Regarding the access of the light from the side walls as well, despite the difficult position of the building, in some cases the indoor/outdoor relation has been designed with effective and specific solutions. On the first floor, for example, a long cor-ten window allows selecting the views and evokes the delightful image of landscapes impressed upon old photographic. On the bottom wall of the swimming pool, a large cone is directed outwards, defining with its black and enclosing frame, a portion of greenery and the blurred and iridescent light that can come from it.
On the second floor, in the bedroom area, three large cubes mark the space of the long corridor which leads to the bedrooms. Two are made of leather, one covered with the shiny side and the other with the darker and iridescent “back” of the leather, almost as though it were pigment.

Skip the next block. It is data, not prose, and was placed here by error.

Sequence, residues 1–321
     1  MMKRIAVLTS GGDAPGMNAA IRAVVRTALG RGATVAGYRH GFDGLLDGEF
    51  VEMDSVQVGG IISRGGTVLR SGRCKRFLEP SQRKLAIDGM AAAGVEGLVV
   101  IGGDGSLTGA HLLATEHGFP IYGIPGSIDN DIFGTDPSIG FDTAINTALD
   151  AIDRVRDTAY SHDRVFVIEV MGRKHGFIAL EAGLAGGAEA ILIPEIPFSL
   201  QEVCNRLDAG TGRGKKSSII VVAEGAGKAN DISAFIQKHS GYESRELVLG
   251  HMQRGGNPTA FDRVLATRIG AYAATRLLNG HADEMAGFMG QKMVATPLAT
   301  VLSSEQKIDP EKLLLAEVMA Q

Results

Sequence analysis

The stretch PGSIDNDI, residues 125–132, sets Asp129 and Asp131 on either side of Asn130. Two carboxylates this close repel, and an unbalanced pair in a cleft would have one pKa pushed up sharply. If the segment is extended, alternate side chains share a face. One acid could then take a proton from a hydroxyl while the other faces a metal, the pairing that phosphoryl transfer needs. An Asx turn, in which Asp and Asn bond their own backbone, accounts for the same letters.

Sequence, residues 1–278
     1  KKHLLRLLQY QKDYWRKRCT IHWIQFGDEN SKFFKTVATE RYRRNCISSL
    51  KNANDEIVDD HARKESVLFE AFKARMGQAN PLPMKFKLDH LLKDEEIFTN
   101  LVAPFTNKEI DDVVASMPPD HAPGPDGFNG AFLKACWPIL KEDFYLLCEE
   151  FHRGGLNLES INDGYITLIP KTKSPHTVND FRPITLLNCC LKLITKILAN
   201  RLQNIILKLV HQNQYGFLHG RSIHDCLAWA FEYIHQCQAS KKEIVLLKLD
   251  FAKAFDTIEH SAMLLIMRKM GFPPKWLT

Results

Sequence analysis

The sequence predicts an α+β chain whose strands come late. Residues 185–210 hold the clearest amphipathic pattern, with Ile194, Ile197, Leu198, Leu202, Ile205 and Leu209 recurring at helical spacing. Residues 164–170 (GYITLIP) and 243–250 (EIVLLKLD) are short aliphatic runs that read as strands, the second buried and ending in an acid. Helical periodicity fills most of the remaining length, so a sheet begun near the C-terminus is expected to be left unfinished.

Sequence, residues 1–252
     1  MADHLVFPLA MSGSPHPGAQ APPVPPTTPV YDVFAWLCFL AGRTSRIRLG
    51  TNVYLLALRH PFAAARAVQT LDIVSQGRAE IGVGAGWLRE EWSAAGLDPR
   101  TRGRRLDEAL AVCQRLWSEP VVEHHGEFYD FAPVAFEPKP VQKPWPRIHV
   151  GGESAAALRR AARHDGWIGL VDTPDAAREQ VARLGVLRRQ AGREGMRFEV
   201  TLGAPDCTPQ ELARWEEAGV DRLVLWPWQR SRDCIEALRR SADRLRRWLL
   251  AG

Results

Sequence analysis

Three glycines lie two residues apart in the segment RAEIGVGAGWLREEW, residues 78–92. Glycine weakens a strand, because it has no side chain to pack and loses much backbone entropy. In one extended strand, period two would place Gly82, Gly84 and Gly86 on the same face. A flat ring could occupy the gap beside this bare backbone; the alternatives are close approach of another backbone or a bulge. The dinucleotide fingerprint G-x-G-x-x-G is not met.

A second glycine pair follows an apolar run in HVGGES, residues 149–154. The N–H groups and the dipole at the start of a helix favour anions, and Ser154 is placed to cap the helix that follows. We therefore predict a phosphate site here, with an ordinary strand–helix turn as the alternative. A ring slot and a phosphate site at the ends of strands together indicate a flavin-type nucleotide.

These are the most obvious signs of a discourse on matter which runs through the whole house, in a continuous reference to the once active and bustling world of work – craft and industrial production – in the area where the building stands.
If leather is a clear reference to what the building, a former tannery, was first used for, the interior is characterized throughout by an eclectic and honest unadorned use of matter. Stone, iron, concrete, wood, glass, felt and leather are used in such a way to make their natural essence felt amidst the things of the house and to highlight that they are raw materials, in reference to the world of work.
Sometimes this is done through successful contrasts, in lively dialogues between the materials and in unusual pairings. The best example is the formal dining room, which brings together very different surfaces and colours: the floor of Taxos, a Greek marble of a miraculous white, faces the exposed concrete that dominates it from the ceiling, whilst a lacquered table captures their interaction perfectly, reflecting it. The yellow, studded with travertine on the threshold of this scene, and the green of the soft light from the ceiling with the portholes, complete it, effectively highlighting the essence of every material.